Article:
Two new “magic islands” have joined one reported last year on Saturn’s giant moon Titan, Cassini spacecraft observations showed on Monday. The features add to a puzzling vanishing act playing out on the frozen world’s seas.
Since Cassini first arrived at Saturn in 2004, its photos of Titan have revealed numerous seas, lakes, and rivers on the giant moon’s frozen surface. This summer, images showed a mysterious feature in one sea—the first “magic island”—that appeared glinting on a lake’s surface and then quickly vanished.
The find raised speculation that scientists had captured views of waves splashing within the otherwise mirror-smooth liquid methane seas on the moon. Or else it was a fluke.
Now, an August 21 flyby has turned up two more strange reflecting features, magic islands that weren’t there in earlier flybys. “They just popped up,” says Cornell’s Alexander Hayes, who presented the latest survey of Titan’s seas at a briefing at the American Astronomical Society’s Division for Planetary Sciences meeting.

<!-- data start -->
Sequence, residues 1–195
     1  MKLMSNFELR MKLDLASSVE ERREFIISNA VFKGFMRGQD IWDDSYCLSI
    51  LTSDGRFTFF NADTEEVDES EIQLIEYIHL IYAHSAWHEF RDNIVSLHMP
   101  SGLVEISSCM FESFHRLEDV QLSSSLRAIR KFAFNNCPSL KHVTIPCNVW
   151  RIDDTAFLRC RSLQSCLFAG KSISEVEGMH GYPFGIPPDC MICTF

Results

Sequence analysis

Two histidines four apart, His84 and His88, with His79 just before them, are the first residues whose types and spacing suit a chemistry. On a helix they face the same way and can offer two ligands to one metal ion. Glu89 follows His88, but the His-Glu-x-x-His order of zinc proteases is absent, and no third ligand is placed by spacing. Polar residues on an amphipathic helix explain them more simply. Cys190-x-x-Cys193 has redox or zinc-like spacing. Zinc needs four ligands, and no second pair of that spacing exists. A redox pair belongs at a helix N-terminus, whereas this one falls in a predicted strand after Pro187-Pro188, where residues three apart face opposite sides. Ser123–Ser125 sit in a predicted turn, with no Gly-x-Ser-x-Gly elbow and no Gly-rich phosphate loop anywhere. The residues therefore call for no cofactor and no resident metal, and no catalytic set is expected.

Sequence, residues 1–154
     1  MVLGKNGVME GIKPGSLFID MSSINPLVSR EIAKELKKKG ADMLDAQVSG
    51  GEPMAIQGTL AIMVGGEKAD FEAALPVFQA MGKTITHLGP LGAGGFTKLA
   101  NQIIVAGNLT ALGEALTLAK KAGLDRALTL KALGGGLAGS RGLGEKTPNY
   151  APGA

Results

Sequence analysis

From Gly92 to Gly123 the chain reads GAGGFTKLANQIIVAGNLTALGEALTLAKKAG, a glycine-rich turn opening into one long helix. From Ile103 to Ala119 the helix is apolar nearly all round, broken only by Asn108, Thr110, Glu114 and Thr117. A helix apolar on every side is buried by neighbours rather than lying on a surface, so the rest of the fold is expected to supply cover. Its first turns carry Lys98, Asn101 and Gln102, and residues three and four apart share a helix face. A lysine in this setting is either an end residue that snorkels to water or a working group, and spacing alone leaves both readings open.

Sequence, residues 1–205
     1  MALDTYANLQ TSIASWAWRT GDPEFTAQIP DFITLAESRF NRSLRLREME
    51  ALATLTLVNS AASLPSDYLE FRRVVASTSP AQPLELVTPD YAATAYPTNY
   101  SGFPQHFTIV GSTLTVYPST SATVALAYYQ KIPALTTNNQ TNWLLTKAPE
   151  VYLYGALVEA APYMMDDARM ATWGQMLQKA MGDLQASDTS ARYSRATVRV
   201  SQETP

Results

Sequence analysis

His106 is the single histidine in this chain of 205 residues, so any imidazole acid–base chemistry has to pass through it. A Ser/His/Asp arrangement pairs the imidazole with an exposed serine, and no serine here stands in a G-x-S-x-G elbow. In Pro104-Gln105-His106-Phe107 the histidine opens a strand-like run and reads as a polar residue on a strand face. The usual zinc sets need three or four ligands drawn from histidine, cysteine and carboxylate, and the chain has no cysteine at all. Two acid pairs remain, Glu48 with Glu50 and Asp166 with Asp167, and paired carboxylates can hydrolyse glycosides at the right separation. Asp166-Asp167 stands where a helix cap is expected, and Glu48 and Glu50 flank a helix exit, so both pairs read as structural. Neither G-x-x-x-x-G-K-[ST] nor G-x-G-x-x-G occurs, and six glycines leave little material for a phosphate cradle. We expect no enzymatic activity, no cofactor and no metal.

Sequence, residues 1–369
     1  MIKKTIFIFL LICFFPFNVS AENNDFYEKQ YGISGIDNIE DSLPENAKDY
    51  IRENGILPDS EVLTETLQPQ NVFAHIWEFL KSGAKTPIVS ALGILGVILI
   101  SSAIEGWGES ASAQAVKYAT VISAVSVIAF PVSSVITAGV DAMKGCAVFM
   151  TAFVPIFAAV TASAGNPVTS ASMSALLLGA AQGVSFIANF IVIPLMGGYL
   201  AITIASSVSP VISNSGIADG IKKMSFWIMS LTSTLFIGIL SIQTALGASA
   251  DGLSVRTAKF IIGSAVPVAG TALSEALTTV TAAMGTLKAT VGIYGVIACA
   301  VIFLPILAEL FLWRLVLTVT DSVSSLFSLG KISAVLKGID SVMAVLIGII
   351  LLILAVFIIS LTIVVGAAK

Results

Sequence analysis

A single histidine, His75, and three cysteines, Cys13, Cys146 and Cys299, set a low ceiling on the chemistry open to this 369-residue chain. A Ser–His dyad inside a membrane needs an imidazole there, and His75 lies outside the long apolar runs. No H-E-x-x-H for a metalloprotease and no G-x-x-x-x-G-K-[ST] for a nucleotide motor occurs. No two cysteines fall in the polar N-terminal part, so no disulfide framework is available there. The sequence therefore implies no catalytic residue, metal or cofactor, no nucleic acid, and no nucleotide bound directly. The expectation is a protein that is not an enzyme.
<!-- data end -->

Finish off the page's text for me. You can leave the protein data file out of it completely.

“They could be waves, or they could be something more solid,” says MIT’s Jason Soderblom, a member of the Cassini team reporting the observations. “We definitely know now they are something reflecting from the surface.”
Since Titan is the only body besides Earth that has rain-carved geography to study, the possibility of a lake with waves intrigued scientists enough to keep them looking.
“After ten years there, Titan still can surprise us,” Hayes says. “Titan has dunes, lakes, seas, even rivers. All this makes Titan an explorer’s utopia.”
An August 21 flyby passing some 599 miles (964 kilometers) above Titan allowed Cassini to investigate the depth of Kraken Mare, the largest sea on the frozen moon. Radar observations from the spacecraft covered a 120-mile (200-kilometer) shore-to-shore strip of the methane sea.